EBNA2

AcronymDefinition
EBNA2Epstein-Barr Nuclear Antigen 2
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The Cincinnati Children's team suspects that the EBNA2 transcription factor from EBV is helping change how infected B cells operate, and how the body responds to those infected cells.
The new paper shows that seven seemingly unrelated disease states actually share a common set of abnormal transcription factors, each affected by the EBNA2 protein from the Epstein-Barr virus.
In the current study, the researchers found that EBNA2 and its related transcription factors activate some of the human genes associated with the risk for lupus and several other autoimmune diseases, including multiple sclerosis, rheumatoid arthritis, inflammatory bowel disease, type 1 diabetes, juvenile idiopathic arthritis and celiac disease.
Sifting through and comparing a large collection of genetic and protein data from healthy individuals and those with autoimmune diseases, the team used RELI to identify regulatory regions in genes associated with the risk of developing lupus that also bound EBNA2 and its related transcription factors.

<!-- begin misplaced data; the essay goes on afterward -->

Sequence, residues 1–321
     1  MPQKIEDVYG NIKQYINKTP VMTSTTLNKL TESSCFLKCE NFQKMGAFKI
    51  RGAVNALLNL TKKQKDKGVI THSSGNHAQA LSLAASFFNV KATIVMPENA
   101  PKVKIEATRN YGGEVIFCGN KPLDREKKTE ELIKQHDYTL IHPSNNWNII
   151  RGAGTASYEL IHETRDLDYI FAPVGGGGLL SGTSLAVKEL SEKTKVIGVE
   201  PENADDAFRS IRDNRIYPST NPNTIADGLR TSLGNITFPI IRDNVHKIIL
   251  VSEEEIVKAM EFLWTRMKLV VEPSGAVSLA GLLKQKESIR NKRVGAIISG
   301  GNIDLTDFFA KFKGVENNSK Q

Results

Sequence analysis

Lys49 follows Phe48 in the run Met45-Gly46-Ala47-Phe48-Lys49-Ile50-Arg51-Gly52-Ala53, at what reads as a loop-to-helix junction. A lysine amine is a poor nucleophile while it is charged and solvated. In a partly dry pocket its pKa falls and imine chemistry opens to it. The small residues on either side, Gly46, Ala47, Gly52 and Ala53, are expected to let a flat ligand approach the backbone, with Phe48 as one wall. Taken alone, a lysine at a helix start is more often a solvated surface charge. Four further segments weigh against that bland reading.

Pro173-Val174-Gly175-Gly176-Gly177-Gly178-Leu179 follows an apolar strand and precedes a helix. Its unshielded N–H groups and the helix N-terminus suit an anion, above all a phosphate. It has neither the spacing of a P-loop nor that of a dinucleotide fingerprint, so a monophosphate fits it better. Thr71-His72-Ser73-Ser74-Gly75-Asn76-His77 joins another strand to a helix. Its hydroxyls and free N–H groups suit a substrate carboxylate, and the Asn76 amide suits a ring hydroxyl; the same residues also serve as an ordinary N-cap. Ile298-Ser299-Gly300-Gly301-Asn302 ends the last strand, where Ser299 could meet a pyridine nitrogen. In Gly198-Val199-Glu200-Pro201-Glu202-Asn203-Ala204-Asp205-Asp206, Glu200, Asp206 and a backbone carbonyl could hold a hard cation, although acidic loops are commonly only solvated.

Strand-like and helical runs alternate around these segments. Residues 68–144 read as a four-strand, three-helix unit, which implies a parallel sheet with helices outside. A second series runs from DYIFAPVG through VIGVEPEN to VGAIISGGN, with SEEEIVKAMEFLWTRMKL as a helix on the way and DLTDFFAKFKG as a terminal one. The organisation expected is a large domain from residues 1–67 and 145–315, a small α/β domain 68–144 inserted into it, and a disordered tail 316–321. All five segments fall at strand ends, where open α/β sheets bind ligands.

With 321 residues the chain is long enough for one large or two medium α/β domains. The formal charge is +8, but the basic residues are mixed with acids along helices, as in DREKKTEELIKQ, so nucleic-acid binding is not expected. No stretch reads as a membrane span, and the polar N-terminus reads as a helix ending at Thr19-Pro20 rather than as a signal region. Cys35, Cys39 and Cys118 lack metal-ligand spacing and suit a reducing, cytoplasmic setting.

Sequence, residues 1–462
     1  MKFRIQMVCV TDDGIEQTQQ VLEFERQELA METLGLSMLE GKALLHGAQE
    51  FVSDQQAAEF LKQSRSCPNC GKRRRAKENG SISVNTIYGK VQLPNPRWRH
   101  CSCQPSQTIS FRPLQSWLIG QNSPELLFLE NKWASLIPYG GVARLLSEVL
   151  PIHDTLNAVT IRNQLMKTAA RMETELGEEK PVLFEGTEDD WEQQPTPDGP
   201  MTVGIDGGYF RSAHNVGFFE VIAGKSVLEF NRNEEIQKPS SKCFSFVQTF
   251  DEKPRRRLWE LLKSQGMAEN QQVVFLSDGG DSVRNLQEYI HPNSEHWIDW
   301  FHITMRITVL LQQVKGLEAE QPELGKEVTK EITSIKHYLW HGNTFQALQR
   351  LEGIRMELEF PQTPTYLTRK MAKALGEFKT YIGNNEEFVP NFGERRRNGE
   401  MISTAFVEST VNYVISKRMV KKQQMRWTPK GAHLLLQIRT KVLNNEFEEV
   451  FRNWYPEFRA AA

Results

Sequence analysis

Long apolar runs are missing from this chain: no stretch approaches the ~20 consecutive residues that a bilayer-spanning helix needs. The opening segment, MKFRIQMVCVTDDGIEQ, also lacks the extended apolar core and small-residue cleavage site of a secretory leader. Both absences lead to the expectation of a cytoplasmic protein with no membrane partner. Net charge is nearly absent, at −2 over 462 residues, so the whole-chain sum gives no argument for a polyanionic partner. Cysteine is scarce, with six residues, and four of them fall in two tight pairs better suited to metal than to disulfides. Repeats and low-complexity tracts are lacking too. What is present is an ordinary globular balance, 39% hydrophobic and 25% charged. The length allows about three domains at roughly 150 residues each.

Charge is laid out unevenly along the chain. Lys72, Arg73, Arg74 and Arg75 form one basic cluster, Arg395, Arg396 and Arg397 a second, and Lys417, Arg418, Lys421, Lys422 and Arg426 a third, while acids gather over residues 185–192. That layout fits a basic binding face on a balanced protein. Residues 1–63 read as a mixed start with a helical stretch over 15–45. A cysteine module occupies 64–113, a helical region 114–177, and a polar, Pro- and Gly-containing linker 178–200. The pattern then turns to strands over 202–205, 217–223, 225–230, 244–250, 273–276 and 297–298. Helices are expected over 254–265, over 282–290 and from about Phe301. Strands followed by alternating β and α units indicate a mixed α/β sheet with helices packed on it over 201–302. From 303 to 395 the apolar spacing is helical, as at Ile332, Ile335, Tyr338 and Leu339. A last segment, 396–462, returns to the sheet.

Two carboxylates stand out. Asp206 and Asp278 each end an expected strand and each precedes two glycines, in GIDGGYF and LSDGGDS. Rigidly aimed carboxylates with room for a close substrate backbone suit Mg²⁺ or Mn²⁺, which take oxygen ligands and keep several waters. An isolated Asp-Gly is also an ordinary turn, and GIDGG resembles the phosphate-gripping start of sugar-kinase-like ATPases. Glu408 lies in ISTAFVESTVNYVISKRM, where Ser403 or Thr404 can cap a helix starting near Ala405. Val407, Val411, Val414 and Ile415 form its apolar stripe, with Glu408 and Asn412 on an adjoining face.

They are variably positive for EBER, LMP1, EBV latent membrane protein 2 (LMP2), EBV nuclear antigen 1 (EBNA1), and EBNA2 and are commonly associated with type II or type III EBV latency patterns [4].
Although a full panel of EBV-related proteins and nuclear antigens were not analyzed, her lymphoma cells were positive for LMP1 and EBNA2. Thus, it is likely that the patient's EBV status was in latency type III, which usually indicates impaired immune functions and portends aggressive clinical behaviors [4, 6].
EBV was detected by nonisotopic in situ hybridization and PCR (Bam HI-F, EBV nuclear antigen 2 (EBNA2), and latent membrane protein 1 (LMP-1) regions).
In our casuistic we found a predominance of type 1 EBNA2 virus among the 44 samples studied, corresponding to 75.0% of the total.
It is classified as latency type I because the expressed latent genes are restricted to BARF0, EBERs, EBNA1, and LMP2A, excluding EBNA2 or LMP1 which are essential for its transforming ability [107-109].
Latent proteins which promote B cell immortalization include EBNA-1, EBNA2, EBNA-3A, EBNA-3C, EBNA-LP, and LMP-1.
EBNA2 is an important transcription factor during latency as it controls the expression of all other latent viral genes [36].
These mimic external growth signals (LMP1 and LMP2) or directly regulate gene expression (EBNA2, EBNA3c), thereby driving the infected cell into proliferation [7].